69. Hermann M. COVID-19-Präventionsmassnahmen: Informationsstand, Einstellungen und Verhalten. Im Auftrag des Bundesamts für Gesundheit BAG. [German]. Bevölkerungsbefragungen. sotomo; DemoSCOPE.  Updated August 28, 2020. Accessed February 19, 2021.
  70. Bartscher AK, Seitz S, Siegloch S, Slotwinski M, Wehrhöfer N. Social Capital and the Spread of COVID-19: Insights from European Countries. IZA Institute of Labour Economics; 2020.
  71. Borgonovi F, Andrieu E. Bowling together by bowling alone: social capital and COVID-19. COVID Economics. 2020(17):73-96.
  72. Hofstede Insights. Compare Countries. Hofstede Insights; 2020.  Updated June 8, 2020. Accessed January 19, 2021.
  73. Karlhofer F. Sozialpartnerschaftliche Interessenvermittlung in föderativen Systemen: Ein Vergleich Deutschland - Österreich – Schweiz. [German]. In: Benz A, Lehmbruch G, eds. Föderalismus: Analysen in entwicklungsgeschichtlicher und vergleichender Perspektive. Politische Vierteljahresschrift. Sonderheft 32. Wiesbaden: Westdeutscher Verl.; 2002:234-252.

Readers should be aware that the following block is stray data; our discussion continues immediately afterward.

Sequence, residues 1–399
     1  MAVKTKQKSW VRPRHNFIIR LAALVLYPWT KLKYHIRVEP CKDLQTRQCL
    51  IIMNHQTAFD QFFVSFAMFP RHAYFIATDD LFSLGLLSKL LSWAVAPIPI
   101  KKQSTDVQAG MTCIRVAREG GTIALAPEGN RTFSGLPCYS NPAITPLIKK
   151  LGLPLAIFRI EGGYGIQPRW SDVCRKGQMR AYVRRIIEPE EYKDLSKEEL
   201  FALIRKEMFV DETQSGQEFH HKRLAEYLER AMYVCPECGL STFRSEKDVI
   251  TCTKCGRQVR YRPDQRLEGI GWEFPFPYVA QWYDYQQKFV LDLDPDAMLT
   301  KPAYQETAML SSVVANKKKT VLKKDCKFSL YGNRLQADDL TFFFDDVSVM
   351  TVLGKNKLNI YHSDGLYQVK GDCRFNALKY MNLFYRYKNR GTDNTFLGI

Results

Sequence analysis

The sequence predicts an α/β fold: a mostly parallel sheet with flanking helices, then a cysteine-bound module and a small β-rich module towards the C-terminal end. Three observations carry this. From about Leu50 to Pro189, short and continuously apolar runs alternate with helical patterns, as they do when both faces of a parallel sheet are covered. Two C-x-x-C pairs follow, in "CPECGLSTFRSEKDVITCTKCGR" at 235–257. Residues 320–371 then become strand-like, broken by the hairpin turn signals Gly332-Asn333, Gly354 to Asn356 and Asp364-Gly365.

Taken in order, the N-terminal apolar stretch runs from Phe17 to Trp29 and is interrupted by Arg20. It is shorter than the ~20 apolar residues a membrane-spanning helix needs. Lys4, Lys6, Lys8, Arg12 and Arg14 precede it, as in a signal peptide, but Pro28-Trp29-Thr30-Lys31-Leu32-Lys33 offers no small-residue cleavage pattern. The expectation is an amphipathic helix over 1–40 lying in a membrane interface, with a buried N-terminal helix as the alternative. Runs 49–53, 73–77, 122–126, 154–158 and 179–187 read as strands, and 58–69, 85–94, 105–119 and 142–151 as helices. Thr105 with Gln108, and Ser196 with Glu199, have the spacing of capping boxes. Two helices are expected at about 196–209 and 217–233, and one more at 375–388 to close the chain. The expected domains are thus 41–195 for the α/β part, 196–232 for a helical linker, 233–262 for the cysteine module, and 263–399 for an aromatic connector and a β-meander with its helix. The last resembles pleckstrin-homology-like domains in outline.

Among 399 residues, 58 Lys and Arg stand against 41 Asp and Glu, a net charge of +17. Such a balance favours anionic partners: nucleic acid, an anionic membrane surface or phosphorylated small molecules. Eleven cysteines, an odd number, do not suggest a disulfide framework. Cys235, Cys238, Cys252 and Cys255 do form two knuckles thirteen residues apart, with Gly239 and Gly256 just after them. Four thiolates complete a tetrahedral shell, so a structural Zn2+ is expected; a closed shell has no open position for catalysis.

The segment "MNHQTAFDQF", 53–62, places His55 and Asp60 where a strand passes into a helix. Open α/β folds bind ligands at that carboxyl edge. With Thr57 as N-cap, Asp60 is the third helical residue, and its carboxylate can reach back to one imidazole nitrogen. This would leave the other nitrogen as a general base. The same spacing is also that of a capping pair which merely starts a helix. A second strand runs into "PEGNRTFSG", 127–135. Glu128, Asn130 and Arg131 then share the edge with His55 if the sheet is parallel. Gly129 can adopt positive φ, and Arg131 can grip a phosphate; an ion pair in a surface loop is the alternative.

74. Schweizer Radio und Fernsehen (SRF). 5. Corona-Umfrage der SRG - Mehrheit stützt die neusten Corona-Massnahmen des Bundesrats. [German]. Updated October 30, 2020. Accessed November 6, 2020.
  75. infratest dimap. ARD-DeutschlandTREND extra “Coronamaßnahmen.” [German].  Updated November 5, 2020. Accessed February 19, 2021.
  76. Mazzonna F. Cultural differences in COVID-19 spread and policy compliance: evidence from Switzerland. COVID Economics. 2020(33):163-185.
Volume 11, Issue 8
August 2022
Pages 1342-1353
  • Receive Date: 14 November 2020
  • Revise Date: 03 March 2021
  • Accept Date: 16 March 2021
  • First Publish Date: 21 April 2021